VII. Yet this condition is always annexed to the confederation, that if man be unmindful of the covenant and a contemner of its pleasant rule, he may always be impelled or governed by that domination which is really lordly, strict and rigid, and into which, he who refuses to obey the other [species of rule], justly falls.
VIII. Hence, arises a two-fold right of God over his rational creature. The First, which belongs to him through creation; the Second, through contract. The former rests on the good which the creature has received from his Creator; the latter rests on the still greater benefit which the creature will receive from God, his preserver, promoter and glorifier.
IX. If the creature happen to sin against this two-fold right, by that very act, he gives to God, his Lord, King and Father, the right of treating him as a sinning creature, and of inflicting on him due punishment; and this is a THIRD right, which rests on the wicked act of the creature against God.
As we approach the upcoming elections here in the United States, may we as disciples of Jesus Christ remember that our God is the Sovereign ruler of the nations. He alone is God! He alone reigns! Every knee will bow to the Lordship of Jesus Christ and confess that He alone is Lord (Philippians 2:5-11) including every US President and every king who has ever lived.
In light of this, I want to give you some Scriptures to meditate upon about the sovereign rule of God. Let us declare to all nations that Jesus is Lord and that we are citizens of His eternal kingdom (Daniel 2:44).
Deuteronomy 4:39; 10:14, 17
2 Kings 19:15
1 Chronicles 29:11-12
2 Chronicles 20:6
Job 25:2; 40:6; 41:11
Psalm 5:2; 10:16; 22:27-28; 24:1, 10; 29:10; 44:4; 45:6; 47:2, 8-9; 66:7; 67:4; 74:12; 83:18; 84:3; 89:14; 93:1-2; 95:3; 97:1-2, 9; 98:6; 99:4-5; 103:19; 113:4; 115:3; 145:1, 13; 146:10; 149:2
Isaiah 6:5; 33:22; 37:16; 43:15; 44:6; 66:1
Ezekiel 18:1, 4
Daniel 2:20-21, 47; 4:34-35; 6:26
1 Timothy 1:17; 6:15
Meditate upon these and have no fear for our God is in control!
I saw this posted on Twitter and have received this complaint before. The reasoning is that in Calvinism God is allowed to be sovereign so that all that comes to pass happens because God wills it so (Ephesians 1:11 is the cited passage for this view). Arminians then despise the sovereignty of God because we deny that God wills all that comes to pass.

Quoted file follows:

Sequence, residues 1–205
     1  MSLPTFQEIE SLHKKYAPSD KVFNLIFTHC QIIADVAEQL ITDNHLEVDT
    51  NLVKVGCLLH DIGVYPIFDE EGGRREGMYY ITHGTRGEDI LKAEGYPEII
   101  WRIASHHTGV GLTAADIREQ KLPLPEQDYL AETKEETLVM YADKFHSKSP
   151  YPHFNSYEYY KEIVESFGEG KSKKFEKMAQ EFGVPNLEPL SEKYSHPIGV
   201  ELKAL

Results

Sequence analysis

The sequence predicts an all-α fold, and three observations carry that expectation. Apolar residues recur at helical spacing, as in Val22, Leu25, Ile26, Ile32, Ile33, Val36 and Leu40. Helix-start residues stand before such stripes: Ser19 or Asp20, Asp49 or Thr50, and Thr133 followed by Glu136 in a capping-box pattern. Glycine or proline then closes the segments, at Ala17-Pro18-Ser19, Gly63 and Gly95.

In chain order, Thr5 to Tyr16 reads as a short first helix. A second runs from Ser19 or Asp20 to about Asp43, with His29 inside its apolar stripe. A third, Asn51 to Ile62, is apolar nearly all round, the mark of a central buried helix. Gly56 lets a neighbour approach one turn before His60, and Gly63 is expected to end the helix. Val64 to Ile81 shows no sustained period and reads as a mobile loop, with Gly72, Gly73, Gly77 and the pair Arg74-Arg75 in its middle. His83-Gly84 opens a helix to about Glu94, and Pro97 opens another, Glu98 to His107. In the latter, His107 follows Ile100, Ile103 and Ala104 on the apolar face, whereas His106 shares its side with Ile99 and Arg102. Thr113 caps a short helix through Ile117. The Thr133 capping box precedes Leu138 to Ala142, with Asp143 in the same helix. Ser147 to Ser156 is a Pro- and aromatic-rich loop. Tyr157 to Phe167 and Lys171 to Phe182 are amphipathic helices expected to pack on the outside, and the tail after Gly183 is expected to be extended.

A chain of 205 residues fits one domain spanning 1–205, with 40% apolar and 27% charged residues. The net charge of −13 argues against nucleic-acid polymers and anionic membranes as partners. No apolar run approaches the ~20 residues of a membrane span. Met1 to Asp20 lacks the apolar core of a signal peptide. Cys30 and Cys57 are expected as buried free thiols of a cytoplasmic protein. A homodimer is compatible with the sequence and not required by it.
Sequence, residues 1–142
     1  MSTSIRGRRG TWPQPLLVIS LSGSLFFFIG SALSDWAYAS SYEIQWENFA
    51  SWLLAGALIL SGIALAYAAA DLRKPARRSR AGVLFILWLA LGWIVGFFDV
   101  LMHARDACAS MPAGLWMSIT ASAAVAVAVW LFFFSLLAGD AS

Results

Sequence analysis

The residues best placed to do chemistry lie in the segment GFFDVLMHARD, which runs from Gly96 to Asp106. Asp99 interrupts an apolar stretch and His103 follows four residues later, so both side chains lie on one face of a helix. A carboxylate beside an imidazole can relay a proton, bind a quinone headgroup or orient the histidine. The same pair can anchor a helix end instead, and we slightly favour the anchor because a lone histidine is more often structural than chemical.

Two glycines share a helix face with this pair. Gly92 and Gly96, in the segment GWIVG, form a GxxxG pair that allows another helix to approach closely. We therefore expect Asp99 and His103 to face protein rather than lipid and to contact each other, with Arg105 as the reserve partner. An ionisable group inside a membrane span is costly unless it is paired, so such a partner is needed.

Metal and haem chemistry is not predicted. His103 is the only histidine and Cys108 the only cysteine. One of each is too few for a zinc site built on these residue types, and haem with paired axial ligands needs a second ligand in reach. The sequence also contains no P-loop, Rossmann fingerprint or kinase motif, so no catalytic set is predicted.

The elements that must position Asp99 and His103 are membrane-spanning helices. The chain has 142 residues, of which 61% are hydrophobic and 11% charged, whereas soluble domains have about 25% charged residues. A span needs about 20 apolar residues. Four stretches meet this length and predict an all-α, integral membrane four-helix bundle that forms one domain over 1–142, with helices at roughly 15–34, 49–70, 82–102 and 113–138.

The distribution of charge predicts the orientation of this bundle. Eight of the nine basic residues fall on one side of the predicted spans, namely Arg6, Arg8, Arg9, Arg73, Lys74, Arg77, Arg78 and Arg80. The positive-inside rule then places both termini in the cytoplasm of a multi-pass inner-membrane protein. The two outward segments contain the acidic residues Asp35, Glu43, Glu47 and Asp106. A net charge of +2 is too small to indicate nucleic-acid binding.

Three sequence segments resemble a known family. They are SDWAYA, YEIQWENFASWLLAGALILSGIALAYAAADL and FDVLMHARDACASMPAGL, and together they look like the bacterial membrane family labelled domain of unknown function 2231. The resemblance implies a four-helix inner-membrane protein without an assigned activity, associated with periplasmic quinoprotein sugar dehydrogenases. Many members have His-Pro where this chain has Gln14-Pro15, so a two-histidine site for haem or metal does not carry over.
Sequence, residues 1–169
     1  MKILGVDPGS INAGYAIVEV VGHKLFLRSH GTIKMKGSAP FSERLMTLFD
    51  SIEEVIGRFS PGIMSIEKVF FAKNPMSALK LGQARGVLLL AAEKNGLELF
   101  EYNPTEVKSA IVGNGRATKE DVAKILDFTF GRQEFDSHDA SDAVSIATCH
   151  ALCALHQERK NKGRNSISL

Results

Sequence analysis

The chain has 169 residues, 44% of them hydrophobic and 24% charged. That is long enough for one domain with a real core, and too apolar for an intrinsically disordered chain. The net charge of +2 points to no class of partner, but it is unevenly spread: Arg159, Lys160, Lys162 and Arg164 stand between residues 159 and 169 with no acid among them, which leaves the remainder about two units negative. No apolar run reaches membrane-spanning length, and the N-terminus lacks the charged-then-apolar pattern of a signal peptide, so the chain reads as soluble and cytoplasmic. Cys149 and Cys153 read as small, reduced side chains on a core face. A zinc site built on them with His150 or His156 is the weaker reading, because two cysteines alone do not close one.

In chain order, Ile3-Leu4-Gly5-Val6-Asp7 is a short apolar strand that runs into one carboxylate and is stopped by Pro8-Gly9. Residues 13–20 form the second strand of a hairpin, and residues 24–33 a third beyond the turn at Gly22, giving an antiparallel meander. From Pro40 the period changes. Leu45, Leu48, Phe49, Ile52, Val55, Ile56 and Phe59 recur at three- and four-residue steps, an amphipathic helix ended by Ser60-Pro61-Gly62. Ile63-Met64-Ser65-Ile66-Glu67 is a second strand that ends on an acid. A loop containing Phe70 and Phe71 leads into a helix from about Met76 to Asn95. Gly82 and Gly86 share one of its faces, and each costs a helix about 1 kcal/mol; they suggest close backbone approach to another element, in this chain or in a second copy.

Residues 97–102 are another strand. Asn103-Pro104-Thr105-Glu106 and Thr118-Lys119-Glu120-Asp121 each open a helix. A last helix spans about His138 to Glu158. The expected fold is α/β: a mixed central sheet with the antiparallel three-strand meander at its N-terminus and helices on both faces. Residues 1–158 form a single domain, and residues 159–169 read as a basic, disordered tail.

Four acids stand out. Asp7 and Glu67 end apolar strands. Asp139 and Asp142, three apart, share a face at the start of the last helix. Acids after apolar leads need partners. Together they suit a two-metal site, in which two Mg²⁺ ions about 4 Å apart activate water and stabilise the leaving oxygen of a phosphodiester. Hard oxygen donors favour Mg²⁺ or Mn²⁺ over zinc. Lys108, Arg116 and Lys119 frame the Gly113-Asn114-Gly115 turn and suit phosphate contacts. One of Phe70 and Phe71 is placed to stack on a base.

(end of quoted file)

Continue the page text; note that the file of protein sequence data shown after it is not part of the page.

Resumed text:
Calvinism is not actually congruent on this issue. Some Calvinists (hyper-Calvinists) hold that all that happens including sin and the Fall of Man are all planned and rendered certain by God. Other Calvinists would say that God merely allows sin to take place even though He knows it is going to happen and wills it so. How God escapes being the author of sin in either view is beyond me. Most Calvinists simply say that since God is holy and good then even when He plans evil, it is good. They point to events such as the crucifixion of the Son of God as proof of this view (Acts 2:22-23).
Arminianism holds to the sovereignty of God but we believe that God limits Himself so that true loving relationships may exist. God created Adam and Eve as free will creatures but what or whom was responsible for their fall into sin? I would argue that Adam and Eve fell because they disobeyed God out of their own free will. The same would be true for you and I. We sin because we want to sin. We sin not because Satan makes us or God wills it so but because we have free will and can rebel against God. The nation of Israel is proof of this. God allowed Israel to have a covenant relationship with Him wherein He called them to obey Him and if they did, He would bless them (Deuteronomy 8). No doubt God chose Israel for His glory (Deuteronomy 9:1-5) but He likewise warned them not to rebel as they had in the past (Deuteronomy 9:6-11) but the people, out of their own free will, rebelled against God anyway (Deuteronomy 9:12-21). It took Moses’ intercession to turn away the wrath of God (Deuteronomy 9:25-29).